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January 11, 2013
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Years and years ago, at the beginning of my illustration career, a veteran illustrator got mad at me, and at a number of my colleagues, for charging too little.  We all protested loudly.  "But, dude," we said, "we are not veterans like you, with years of experience and stunning portfolios to back us up.  We are newbies, and we need to eat, too, so we'll take what we can get.  We're not in direct competition with you, so why do you care?"  Then, we added, with great smugness, "Oh, and our rates are the current industry standard, so pthbbbbbt!"

Except more than a decade's gone by, and I see that my colleagues and I are now veterans, with our own pretty portfolios and lengthy CVs.  We have become the indignant illustrator's direct competitors, and we're not earning that much more than we were at the start of our careers.  We're certainly not getting what he did, at the height of his.  And we did this to ourselves.  Oh, sure, we're not solely responsible.  These are hard times, to begin with.  Rates would've taken a hit, regardless.  But we're not blameless, either.  Rates HAVE come down to match what we were willing to work for.  This is something I've witnessed firsthand, over and over again.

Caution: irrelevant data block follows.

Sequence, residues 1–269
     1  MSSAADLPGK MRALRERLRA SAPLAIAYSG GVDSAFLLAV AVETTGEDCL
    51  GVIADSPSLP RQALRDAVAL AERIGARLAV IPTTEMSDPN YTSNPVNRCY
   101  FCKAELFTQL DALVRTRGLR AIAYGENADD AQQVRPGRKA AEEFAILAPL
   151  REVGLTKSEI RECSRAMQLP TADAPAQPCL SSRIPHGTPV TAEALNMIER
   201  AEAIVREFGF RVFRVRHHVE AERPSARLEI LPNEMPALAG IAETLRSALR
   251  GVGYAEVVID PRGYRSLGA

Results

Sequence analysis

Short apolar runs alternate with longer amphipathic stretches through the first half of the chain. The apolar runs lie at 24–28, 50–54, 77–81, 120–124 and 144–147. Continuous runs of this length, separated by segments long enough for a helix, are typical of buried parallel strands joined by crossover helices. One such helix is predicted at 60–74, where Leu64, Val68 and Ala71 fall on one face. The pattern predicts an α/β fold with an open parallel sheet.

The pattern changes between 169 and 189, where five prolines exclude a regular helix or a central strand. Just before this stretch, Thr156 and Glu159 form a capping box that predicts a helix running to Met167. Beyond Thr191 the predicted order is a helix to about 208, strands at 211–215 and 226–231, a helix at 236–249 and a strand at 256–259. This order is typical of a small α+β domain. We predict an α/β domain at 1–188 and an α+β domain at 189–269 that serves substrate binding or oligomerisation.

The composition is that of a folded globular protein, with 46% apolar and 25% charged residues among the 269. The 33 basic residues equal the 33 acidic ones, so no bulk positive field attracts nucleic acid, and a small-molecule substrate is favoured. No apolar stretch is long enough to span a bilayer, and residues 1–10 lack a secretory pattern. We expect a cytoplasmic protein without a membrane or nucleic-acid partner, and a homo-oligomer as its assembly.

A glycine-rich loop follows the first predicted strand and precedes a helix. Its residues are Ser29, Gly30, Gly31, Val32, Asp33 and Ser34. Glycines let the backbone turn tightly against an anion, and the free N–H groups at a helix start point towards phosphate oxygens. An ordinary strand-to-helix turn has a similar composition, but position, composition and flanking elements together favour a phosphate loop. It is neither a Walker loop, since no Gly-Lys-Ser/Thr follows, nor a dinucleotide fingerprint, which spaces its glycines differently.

Why did I do it?  Even at the start of my career, I was doing work that, for the most part, thrilled my customers to their boots.  This is not said with ego, to imply that I was at the level of a veteran illustrator even then--I certainly wasn't--but to point out that my product was exactly what somebody was looking for, and willing to pay for...and yet, there I was, producing it for what amounted to less than minimum wage.  I was even a bit proud of myself, when people were surprised by my low rates, and thanked me for making my work affordable.  

There are a thousand excuses.  I needed money fast.  I lacked experience.  There's no single set of industry standard rates for artists, only a loose collection of generally accepted rates, which vary wildly by market.  My living expenses were lower, then; I was in an area where a decent one-bedroom could be had for as little as $200 per month.  Food was basic, but cheap.  It didn't occur to me that my colleagues might be paying ten times the rent I was, for a home too small for their families, or that there was already a recession on, and that artists, furnishing a luxury commodity, would be among the first to see cuts to their earnings--and that my willingness to undervalue my work was not helping.  None of these excuses are particularly helpful now, when I find myself arguing with the next generation of people who Just Don't Get It, and probably won't, till it's too late.